When we are “present,” we engage with our listeners and with our story. But how do we do that? How do we connect immediately – rather than half-way through a story or not at all?
Should we have standards for excellent storytelling? If so, does one size fit all? Or does each situation require different storytelling “behaviors” to enable us to succeed?
There are six “bosses” – six sets of expectations and needs – that we must respond to in any storytelling situation. Let’s begin our search for excellence by understanding who these demanding and sometimes capricious bosses are.
Too many storytellers adopt an artificial way of speaking that has nothing to do with communication or the peculiar qualities of the tale being told. This practice holds back the teller, the listeners, and the growth of storytelling as a whole.
Coaching a teller to drop this kind of “misdirected effort” is tricky, but possible. The coach must lead the teller through four important steps. Above all, we must treat tellers afflicted with this “performance virus” with patience, respectfulness, and genuine affection, for they, too, have great potential and are therefore precious to our movement.
The power of stories comes through scenes. But finding them can be a problem. Interestingly, the problem is similar, whether you are searching for the scenes to tell in your own story or trying to elicit a story from someone else.
Part of the solution is to temporarily suspend worrying about including irrelevant details – so that you can focus completely on finding the details that will make your story memorable.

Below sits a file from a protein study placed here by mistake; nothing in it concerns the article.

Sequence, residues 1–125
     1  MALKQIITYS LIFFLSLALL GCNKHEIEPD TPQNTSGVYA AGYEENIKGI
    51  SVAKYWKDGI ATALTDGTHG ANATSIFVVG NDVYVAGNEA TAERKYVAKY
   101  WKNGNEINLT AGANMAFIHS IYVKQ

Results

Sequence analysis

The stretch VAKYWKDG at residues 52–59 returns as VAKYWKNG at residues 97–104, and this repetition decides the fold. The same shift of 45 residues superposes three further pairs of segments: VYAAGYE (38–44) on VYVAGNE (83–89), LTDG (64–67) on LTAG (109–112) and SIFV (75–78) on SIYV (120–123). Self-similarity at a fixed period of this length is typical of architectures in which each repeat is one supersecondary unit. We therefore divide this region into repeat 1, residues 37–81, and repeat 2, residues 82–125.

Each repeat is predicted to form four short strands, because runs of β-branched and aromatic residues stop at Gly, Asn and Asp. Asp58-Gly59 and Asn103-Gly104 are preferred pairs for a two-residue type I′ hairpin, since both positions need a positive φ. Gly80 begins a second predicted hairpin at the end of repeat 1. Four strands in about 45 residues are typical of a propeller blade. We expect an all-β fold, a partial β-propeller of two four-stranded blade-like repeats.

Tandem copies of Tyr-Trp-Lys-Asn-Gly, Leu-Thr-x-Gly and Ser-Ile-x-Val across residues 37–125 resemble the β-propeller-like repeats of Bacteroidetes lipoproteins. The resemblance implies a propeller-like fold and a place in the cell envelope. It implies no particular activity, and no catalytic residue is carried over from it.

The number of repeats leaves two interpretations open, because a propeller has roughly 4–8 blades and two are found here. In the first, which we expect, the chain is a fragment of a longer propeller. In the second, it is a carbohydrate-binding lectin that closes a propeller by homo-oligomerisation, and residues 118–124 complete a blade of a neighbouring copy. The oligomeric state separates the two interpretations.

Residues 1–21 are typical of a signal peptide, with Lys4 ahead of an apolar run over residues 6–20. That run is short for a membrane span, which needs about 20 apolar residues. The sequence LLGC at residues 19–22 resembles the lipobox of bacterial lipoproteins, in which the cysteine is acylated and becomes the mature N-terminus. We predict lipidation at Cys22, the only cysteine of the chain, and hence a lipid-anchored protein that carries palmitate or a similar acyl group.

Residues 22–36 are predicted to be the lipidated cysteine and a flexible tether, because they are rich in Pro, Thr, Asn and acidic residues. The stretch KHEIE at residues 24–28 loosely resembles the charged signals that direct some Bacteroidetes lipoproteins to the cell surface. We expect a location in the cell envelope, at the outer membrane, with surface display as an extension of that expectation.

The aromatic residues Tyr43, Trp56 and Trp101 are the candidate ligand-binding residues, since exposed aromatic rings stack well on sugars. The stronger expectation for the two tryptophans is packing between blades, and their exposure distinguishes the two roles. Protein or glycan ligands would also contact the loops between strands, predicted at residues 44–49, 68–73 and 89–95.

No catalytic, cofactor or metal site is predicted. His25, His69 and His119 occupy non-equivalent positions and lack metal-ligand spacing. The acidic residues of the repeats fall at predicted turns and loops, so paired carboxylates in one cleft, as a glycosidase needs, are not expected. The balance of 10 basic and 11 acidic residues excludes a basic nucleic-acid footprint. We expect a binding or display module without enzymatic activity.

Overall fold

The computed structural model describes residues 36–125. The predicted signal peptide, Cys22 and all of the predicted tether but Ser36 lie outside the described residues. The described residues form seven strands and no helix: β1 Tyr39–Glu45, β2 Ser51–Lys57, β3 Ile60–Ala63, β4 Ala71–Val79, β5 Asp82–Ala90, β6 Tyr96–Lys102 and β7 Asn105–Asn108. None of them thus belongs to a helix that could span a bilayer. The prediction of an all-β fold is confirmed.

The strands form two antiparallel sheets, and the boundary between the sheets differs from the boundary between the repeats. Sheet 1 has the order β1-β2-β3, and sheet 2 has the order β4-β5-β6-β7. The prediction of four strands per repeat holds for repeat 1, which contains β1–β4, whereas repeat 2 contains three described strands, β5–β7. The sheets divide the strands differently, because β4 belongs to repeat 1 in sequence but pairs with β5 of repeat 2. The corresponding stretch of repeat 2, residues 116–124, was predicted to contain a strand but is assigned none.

In storytelling, paradoxes abound.
In every case of paradox, we need to notice not just the effect we intend to create, but also the potentially opposite effect.
Continuously noticing the effects of our storytelling like this is demanding and sometimes unsettling. But it can also help our telling.
This article looks at three paradoxes that concern meaning – and how they might affect our storytelling.
Imagining is the most important storytelling skill. If you cannot imagine a story, then you have nothing to communicate.
The words of a story are much less important: they are just a medium through which you stimulate others to imagine. In this sense, words are like a fireplace: the container that shapes the fire and makes it efficient, not the fuel that burns.
But, in another sense, imagining is the act that puts you in contact with the unknown…
Two years after their first Thanksgiving feast, the Pilgrims faced starvation, living for a time on a ration of five kernels of grain a day.
Gratitude is sweeter when we remember times of scarcity. And scarcity is sweeter when we season it with gratitude for what we do have.
Stories are, themselves, a form of wealth. And telling our stories – both of scarcity and especially of gratitude – is a form of wealth no one can take from us.
As I move back to Boston after 5 years, I think over the 7 things Oklahoma has taught me about storytelling. This is part one; part two is at http://www.storydynamics.com/ok2
Compared to Bostonians, Tulsans have a different style of waiting. This has big implications for telling stories effectively, as this article describes. There is also an exercise you can do to determine if your storytelling stance is more Tulsa or more Boston.
Everyone can make up stories. If you think you can’t, it may be due to the “seed and the tree” problem.
When you are faced with the seed of a story, you may not recognize it. This is in part because story seeds can vary so much from each other.
But it’s mostly because, until you’ve made up a lot of successful stories, you probably haven’t had many chances to connect story seeds with the stories they grow into.